Change to Strata Property Act paving the way for old condo buyouts
Michelle Renaud had no intention of leaving her 570-square-foot apartment in Vancouver’s West End.
Then she—and everyone else in her building—was offered double the value of the property.
“Absolutely felt like I hit the jackpot. This is a once in a lifetime opportunity. I don’t think you’re going to find another property where someone is going to come along and give you double what it’s worth,” she said.
“I wasn’t planning on [moving], but how do you turn that down? When somebody’s going to offer you double, it’s a pretty significant offer.”
The building on 1060 Barclay Street, Barclay Manor, will be purchased by Bosa Properties, who plan on tearing down the seven-storey apartment and replacing it with a highrise.
Bosa made the offer shortly after a change to British Columbia’s Strata Property Act was passed by the government this fall. Whereas stratas used to require unanimous agreement of owners for a building to be sold, it now requires 80 per cent approval.
“It’s very good. It means the small minority can’t hold out,” said Tony Gioventu, executive director for the Condominium Home Owners’ Association of B.C.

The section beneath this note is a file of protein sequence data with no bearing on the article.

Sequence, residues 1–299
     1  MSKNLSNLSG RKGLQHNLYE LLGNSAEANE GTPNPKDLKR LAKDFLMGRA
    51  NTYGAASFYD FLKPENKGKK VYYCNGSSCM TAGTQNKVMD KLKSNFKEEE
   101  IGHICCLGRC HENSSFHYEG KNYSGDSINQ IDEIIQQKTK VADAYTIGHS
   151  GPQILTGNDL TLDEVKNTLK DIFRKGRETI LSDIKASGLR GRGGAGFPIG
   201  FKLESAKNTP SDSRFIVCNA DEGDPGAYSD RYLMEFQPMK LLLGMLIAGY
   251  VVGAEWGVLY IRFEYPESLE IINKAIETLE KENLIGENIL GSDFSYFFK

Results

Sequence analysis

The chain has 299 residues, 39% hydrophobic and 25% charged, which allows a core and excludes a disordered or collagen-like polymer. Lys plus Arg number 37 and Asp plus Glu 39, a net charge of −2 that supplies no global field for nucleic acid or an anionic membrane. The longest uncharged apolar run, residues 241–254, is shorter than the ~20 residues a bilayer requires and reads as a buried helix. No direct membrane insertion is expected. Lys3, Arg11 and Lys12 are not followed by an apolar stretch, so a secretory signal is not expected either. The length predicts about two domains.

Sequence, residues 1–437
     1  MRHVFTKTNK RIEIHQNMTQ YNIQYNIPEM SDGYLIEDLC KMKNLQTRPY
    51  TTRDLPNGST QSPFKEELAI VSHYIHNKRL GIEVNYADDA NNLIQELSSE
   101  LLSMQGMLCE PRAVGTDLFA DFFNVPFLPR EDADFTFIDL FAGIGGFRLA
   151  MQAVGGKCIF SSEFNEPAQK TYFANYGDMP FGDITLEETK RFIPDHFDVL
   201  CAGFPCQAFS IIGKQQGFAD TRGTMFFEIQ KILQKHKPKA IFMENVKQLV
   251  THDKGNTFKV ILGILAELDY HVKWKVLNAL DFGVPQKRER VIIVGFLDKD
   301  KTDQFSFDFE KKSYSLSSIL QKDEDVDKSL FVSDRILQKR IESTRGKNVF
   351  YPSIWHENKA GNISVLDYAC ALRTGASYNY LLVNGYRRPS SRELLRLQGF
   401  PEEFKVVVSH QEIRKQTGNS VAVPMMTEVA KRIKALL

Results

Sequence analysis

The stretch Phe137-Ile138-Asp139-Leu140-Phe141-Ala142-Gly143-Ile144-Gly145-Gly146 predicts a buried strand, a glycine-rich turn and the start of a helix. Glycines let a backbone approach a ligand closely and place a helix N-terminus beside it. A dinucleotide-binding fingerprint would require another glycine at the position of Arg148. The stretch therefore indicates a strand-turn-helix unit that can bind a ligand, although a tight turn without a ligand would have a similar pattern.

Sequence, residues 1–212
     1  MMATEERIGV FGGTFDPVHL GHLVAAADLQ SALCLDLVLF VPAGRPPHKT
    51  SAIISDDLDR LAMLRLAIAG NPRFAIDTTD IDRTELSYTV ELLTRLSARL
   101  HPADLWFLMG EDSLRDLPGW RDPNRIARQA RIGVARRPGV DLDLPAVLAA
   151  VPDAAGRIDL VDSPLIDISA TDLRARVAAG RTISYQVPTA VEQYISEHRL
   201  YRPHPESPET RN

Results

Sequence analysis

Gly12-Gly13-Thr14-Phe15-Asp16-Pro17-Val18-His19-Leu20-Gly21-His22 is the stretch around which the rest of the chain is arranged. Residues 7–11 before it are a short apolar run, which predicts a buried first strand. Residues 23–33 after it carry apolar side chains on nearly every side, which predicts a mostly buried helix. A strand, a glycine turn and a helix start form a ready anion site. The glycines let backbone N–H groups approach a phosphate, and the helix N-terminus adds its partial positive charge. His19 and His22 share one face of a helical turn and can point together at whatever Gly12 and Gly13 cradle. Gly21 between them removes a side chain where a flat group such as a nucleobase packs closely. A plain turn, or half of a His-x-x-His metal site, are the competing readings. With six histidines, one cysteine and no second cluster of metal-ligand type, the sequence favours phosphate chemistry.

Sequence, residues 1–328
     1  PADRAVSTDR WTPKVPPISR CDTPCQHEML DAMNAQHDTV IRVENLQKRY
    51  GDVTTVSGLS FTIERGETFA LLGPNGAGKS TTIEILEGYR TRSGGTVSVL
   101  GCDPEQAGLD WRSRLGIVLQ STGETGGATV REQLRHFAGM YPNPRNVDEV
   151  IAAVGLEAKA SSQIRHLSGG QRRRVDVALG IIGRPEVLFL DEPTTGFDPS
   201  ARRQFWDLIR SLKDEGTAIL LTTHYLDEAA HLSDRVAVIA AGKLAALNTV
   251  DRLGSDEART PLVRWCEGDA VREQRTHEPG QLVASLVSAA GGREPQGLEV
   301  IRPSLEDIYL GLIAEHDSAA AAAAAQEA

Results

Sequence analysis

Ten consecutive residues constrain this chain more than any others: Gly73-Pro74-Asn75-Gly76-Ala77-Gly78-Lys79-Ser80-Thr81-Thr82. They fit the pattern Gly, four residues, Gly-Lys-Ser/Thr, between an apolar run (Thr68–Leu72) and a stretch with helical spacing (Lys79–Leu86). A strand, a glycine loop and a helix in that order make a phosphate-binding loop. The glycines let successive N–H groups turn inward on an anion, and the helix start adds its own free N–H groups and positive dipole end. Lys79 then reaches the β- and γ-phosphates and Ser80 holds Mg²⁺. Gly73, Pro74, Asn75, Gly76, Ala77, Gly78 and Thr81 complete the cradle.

“If you take an existing building, and it can be converted from 12 units to 100 units because of a high rise, it significantly increases in value. What might be selling for $285,000, a developer might come along and offer you $450,000 or $500,000. It could be a significant windfall.”
Gioventu says such moves could become common in the West End, where many apartments are over 30 years old and would require extensive upgrades in the decades ahead.
“A lot of these buildings weren’t really built with the intention of lasting more than 50 years. It’s kind of a time cycle issue. They need new elevators, new [roofing], new decks and balconies, so the question is what’s the best value for the property.”
But Gioventu believes the tactic will take hold throughout Metro Vancouver.
“Wherever you have transit or high density or pressure for high density is where we’re going to see people using it…We’re looking at higher density for the Lower Mainland because we’re running out of space.”
All sales have to be approved by a court, which has to agree all parties are getting a fair deal, and one resident of Barclay Manor—who did not want to appear on camera—said the prospect of losing their home was devastating.
As for Renaud? She’s looking forward to finding a new home.
“It’s been great living here, but I just think it’s an opportunity you can’t pass up.”